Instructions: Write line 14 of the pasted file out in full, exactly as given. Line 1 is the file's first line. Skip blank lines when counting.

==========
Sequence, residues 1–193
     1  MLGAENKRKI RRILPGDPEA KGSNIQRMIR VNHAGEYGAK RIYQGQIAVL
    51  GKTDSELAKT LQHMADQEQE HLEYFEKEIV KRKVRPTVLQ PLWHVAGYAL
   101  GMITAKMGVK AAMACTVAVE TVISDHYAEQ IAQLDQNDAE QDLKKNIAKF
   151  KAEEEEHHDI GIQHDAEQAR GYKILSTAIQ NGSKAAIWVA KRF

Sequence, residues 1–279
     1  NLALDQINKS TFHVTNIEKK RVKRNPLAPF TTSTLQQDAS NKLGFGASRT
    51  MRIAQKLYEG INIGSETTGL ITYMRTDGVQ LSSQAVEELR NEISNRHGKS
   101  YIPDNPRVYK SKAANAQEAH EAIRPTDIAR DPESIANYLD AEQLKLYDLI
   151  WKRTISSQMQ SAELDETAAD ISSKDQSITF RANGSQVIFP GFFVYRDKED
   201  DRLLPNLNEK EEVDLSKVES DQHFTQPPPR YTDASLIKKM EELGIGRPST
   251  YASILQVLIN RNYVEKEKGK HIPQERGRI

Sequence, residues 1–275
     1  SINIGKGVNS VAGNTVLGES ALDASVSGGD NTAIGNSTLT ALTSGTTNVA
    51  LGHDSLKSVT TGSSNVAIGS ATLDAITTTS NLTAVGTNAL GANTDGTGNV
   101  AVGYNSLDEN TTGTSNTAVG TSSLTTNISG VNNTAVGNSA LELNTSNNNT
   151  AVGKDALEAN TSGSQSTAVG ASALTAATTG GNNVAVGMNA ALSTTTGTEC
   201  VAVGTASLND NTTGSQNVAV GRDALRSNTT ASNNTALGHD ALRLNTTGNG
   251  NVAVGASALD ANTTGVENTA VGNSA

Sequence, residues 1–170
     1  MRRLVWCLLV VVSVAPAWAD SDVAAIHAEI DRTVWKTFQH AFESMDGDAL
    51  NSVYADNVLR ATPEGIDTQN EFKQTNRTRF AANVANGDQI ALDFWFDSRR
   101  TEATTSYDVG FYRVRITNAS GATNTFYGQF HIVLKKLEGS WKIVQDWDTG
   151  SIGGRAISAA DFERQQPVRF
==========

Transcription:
     1  SINIGKGVNS VAGNTVLGES ALDASVSGGD NTAIGNSTLT ALTSGTTNVA